Reminder from last issue:
Buddhism in Sanskrit and Pali
The Buddhadharma Is Transmitted to China
In the book Records of Strange Events from the Zhou Dynasty, it records that the Buddha was born in India during the 24th year of Emperor Zhao of Zhou Dynasty in China. At that time the rivers overflowed their banks and a five-colored auspicious light connected the major stars. An astrologer and diviner named Su Qu consulted the Book of Changes and got the first hexagram qian, nine in the fifth place, "flying dragon in the sky." From this he ascertained that a great sage had been born in the West, in India, and that his teachings would come to China a thousand years later. Emperor Zhao ordered that the event be engraved on a stone tablet and buried at a certain spot south of the city, to see if a thousand years hence the Buddhadharma would actually be transmitted to China.
At the time of Emperor Mu of Zhou, the Buddha entered Nirvana in India. In the distant east, there was a massive earthquake in China, and twelve white rainbows simultaneously arched from the sun, a sign that the whole world was mourning. At that time another astrologer named Hu Duo used the Book of Changes to consult the hexagrams. He concluded, "There is a great sage in the West who has entered Nirvana." Therefore, the Buddha's coming to the world is no chance event.
Although historical records say that Buddhism first entered China in the Latter Han Dynasty, the Buddhadharma actually existed in China before then. Liezi once quoted Confucius as saying, "Qiu has heard of a sage in the West, who did not have to rule, and yet there was no disorder. He did not have to speak, yet people believed in him. He did not have to teach, yet people would practice. It was beyond the people's ability to describe his greatness." From this we know that Confucius had already heard of the Buddha. During the reign of the First Emperor of the Qin Dynasty, King Asoka of India sent the monk Shi Lifang and seventeen others to take the Buddhist Sutras to China and propagate Buddhism there.
The First Emperor of Qin thought they were strange-looking, and imprisoned them. At night a sixteen-foot-high golden spirit broke down the prison door and released them, startling the Emperor so much that he bowed and repented of his fault. Later he lavished many presents upon them and escorted them to the country's border. The Chapter of Shi Laozhi in the Book of Wei says, "When Emperor Wu of the Former Han Dynasty was on an imperial tour of inspection, Huo Qubing received a golden image over ten feet tall from King Kunxie. Thinking it was a great god, the Emperor placed it in Sweet Springs Palace, lit incense and bowed to it." This indicates there were Buddha images in China as early as Emperor Wu of the Han Dynasty. However, this can only be considered the very beginnings of Buddhism in China; there was no formal propagation.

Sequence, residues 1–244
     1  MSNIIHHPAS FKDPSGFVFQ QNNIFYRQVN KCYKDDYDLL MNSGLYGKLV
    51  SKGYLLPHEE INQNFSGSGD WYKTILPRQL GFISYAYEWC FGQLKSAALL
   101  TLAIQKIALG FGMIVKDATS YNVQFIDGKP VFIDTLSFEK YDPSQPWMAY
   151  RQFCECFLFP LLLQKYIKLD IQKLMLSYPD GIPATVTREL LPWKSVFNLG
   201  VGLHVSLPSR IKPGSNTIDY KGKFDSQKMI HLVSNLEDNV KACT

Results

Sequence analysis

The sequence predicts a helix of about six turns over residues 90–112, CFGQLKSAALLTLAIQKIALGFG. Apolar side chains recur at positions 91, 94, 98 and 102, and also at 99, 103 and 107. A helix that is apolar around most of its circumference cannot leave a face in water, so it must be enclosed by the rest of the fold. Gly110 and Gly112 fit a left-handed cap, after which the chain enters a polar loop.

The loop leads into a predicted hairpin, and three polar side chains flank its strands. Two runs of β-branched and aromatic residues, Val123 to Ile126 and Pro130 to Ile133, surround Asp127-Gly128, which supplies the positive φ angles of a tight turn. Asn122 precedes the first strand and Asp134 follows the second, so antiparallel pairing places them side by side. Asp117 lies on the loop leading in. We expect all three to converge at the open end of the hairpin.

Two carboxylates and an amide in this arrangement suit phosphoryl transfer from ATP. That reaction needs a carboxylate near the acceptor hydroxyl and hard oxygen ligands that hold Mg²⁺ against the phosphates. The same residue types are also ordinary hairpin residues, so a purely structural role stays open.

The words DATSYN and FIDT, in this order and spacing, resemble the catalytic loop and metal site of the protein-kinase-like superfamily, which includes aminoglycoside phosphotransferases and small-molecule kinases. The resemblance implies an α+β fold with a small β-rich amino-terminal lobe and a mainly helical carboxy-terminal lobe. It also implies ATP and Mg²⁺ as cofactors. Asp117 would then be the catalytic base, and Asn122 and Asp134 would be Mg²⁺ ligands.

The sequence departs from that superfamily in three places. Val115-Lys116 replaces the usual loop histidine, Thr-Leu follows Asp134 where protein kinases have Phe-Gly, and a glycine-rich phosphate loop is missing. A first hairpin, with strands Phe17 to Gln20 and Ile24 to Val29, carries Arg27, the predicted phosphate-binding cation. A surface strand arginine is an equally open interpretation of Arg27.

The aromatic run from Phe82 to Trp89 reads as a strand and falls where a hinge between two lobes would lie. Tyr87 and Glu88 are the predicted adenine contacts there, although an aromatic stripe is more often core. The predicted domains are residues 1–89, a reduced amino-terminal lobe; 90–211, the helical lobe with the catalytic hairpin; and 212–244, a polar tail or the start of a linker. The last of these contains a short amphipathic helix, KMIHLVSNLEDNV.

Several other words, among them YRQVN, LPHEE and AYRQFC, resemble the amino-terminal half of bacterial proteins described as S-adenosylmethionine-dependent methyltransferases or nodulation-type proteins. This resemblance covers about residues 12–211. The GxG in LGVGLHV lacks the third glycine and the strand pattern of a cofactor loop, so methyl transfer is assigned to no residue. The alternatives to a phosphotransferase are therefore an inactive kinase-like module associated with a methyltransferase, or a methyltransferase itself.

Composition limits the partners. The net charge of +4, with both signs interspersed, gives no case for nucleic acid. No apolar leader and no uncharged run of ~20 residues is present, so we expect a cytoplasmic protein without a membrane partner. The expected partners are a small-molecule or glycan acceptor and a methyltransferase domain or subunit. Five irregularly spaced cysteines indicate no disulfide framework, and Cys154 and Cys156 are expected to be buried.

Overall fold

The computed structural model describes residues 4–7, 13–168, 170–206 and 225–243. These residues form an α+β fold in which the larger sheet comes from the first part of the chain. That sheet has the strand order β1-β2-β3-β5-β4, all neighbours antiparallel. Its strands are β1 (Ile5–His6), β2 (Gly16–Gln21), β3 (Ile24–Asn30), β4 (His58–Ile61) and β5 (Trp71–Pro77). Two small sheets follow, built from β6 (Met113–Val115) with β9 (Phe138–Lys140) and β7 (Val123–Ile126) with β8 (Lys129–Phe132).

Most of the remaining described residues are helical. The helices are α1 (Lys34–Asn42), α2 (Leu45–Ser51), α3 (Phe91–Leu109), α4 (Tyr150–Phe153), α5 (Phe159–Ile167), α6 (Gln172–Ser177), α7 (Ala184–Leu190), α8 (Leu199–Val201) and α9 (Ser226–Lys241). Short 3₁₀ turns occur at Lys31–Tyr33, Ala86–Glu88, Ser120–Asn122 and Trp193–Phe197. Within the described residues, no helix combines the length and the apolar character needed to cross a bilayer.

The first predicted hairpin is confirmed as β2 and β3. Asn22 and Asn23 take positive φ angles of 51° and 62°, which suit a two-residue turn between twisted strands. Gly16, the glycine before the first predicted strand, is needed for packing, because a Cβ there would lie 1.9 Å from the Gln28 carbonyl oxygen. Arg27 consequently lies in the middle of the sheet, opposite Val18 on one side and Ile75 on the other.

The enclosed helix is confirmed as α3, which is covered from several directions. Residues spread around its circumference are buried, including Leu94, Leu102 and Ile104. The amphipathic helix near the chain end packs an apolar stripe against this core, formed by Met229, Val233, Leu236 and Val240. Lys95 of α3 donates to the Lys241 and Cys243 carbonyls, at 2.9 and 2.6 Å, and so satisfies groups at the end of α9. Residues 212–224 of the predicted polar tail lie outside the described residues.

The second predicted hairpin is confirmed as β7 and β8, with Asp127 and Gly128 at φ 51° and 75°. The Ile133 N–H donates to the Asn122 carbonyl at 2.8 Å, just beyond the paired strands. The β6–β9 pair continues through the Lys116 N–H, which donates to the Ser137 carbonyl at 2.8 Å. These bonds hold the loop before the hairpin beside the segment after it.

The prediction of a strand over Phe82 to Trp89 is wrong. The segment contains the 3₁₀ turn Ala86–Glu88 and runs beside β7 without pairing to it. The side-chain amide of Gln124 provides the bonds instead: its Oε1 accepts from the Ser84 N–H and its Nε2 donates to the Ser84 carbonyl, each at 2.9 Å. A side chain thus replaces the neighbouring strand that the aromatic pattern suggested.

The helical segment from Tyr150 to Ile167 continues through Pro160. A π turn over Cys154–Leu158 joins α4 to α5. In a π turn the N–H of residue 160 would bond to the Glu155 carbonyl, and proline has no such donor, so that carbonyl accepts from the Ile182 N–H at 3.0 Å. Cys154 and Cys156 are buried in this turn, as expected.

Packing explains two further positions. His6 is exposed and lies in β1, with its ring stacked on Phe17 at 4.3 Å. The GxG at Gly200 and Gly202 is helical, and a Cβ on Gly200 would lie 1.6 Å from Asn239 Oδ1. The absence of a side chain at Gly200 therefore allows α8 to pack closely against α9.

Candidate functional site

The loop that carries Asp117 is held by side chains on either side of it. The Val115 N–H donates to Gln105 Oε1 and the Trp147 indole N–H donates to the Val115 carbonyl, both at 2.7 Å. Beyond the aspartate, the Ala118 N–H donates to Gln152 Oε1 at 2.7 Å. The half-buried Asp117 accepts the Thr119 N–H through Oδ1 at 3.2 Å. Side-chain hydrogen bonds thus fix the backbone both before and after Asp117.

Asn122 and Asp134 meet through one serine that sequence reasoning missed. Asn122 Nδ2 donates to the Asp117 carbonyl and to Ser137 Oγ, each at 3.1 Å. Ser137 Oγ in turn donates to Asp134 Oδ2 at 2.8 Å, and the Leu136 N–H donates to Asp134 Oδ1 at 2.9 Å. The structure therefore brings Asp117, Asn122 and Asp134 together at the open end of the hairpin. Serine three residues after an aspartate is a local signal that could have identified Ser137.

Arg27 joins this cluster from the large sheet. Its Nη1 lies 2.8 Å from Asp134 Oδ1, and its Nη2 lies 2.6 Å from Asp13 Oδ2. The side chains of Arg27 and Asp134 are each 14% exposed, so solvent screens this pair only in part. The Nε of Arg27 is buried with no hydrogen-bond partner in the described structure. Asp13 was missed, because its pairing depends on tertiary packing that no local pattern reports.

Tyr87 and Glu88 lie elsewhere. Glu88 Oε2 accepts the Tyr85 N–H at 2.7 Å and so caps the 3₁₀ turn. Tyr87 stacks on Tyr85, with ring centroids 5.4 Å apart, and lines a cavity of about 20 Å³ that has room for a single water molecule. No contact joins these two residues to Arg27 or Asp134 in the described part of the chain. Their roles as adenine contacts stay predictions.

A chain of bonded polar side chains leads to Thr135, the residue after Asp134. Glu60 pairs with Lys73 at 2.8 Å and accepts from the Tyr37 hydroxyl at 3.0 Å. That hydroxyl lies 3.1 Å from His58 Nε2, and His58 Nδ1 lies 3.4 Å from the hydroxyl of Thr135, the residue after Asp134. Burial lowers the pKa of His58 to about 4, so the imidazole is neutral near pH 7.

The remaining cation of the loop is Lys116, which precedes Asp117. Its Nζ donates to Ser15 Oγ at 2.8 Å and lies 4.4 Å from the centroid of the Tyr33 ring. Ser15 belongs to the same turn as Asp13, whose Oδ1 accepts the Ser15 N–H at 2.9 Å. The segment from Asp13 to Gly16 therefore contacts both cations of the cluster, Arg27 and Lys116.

During the Yungping Reign of the Eastern Han (Latter Han), about a thousand years after Emperor Zhao of Zhou, Emperor Ming dreamed that a golden person with adorned features and a halo around his head flew into the Emperor's palace. The next day Emperor Ming asked his ministers about the dream and an astrologer named Fu Yi told the Emperor about the auspicious portents which had appeared in China when the Buddha was born, as recorded in the book Records of Strange Events. Emperor Ming then sent eighteen people, including Cai Yin, Qin Jing and Wang Zun, to India to request the Buddhadharma. When they reached Kusana, they met the Venerables Kashyapa-matanga and Gobharana, who were going to China to propagate the Dharma, bringing Buddhist Sutras on a white horse. Therefore, they all went to China together.
Emperor Ming welcomed the two Venerable Ones with solemn ceremony, and led them to Honglu Villa in Loyang. Later, he built them a magnificent temple and named it White Horse Monastery because they had carried the sutras to China on a white horse. This marked the advent of Buddhist temples in China. It is said that the two Venerables translated five Sutras. However, four have been lost and only the Sutra in Forty-two Sections Spoken by the Buddha remains. This was China's earliest Dharma treasure.
→To be continued